For the first time, our students had only Humanitas teachers. This meant that when students left my classroom, I knew it was to learn with another teacher who offered the same level of engaging and rigorous instruction. It also meant that I working as part of a dedicated community fostering a positive learning experience.
That same year, we entered the LAUSD Public School Choice process and submitted a proposal to form a teacher-powered pilot school on a new campus only three miles away. We continued to teach classes during the day, and after school we presented to community members, wrote a 153-page proposal, and met with countless district officials. When the school day ended, our group would meet, sometimes until 8:00 at night, working to make our dream school a reality. Our design team spent the entire week of Thanksgiving in a conference room writing, revising, crying, drinking too much coffee, and forging an alliance around the students who were giving us their best every day in our classrooms.
Although our plan was criticized as eccentric, unrealistic, and unreasonable, in March 2011 we were awarded one of four schools that would become the Cesar E. Chavez Learning Academies. We spent the next five months hiring staff members, learning district budgeting, and wondering when we would get the keys.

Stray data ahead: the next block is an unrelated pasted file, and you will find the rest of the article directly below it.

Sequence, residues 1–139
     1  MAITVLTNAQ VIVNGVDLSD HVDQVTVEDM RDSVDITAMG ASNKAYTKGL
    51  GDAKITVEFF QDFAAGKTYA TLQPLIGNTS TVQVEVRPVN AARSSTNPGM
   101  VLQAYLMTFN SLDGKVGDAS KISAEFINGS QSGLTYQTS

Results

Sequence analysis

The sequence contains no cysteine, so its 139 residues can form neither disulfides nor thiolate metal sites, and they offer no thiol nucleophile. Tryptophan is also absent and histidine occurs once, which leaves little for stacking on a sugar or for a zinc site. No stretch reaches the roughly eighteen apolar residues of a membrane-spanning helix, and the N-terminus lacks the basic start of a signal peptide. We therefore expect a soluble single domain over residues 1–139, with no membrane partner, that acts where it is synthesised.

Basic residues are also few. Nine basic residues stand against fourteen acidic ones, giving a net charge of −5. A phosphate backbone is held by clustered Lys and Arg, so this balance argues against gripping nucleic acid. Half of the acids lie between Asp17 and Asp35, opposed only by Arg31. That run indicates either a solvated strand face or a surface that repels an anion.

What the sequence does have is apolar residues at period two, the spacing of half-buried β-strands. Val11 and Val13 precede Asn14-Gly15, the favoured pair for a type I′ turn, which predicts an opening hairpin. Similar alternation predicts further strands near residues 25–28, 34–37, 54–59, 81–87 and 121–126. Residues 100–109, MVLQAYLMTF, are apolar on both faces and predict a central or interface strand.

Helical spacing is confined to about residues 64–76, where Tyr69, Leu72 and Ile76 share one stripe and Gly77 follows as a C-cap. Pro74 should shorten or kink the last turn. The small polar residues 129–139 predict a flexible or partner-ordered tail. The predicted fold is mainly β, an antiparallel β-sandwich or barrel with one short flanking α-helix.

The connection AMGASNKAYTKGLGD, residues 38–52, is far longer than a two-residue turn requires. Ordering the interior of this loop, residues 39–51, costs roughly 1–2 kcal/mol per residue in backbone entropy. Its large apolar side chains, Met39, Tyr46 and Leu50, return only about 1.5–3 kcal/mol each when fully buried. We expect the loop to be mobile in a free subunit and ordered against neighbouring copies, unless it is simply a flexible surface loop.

In September 2011, we finally put our “eccentric and unrealistic” plan into action. Students who took the jump with us from Sylmar now walked down brand new tiled hallways that hosted the portraits of seniors paired with the colleges they attend. Teachers gathered to eat lunch not in an anger-filled space but in a school collaboration room where we make our decisions together—including teachers, the principal, counselors, parents, and students.
Today, our school has a 94 percent graduation rate, the highest student and teacher attendance in LAUSD, and the highest test scores for non-magnet, non-charter high schools in the district.
Our teacher-powered school is now a model for success in the district. Thanks to the district and union, our school was given a place to stand. Every day we continue to push for success, looking for allies in LAUSD and our union, and to leverage our students’ resiliency to get them the tools and resources that they need.
And yet we still find ourselves needing to do more ... not because the rules order us to do so, but because we believe we can work together toward a shared vision to help our students succeed.
Jeff Austin is a teacher and Coordinator at the Social Justice Humanitas Academy, a teacher-powered pilot school in Los Angeles. He is a National Board-certified teacher, 2012-13 Los Angeles County Teacher of the Year, and a teacher-powered ambassador for the Teacher-Powered Schools Initiative. You can read his tweets about education, politics, and soccer by following him on Twitter @MisterA and or email him at firstname.lastname@example.org.
The opinions expressed in Teaching Ahead: A Roundtable are strictly those of the author(s) and do not reflect the opinions or endorsement of Editorial Projects in Education, or any of its publications.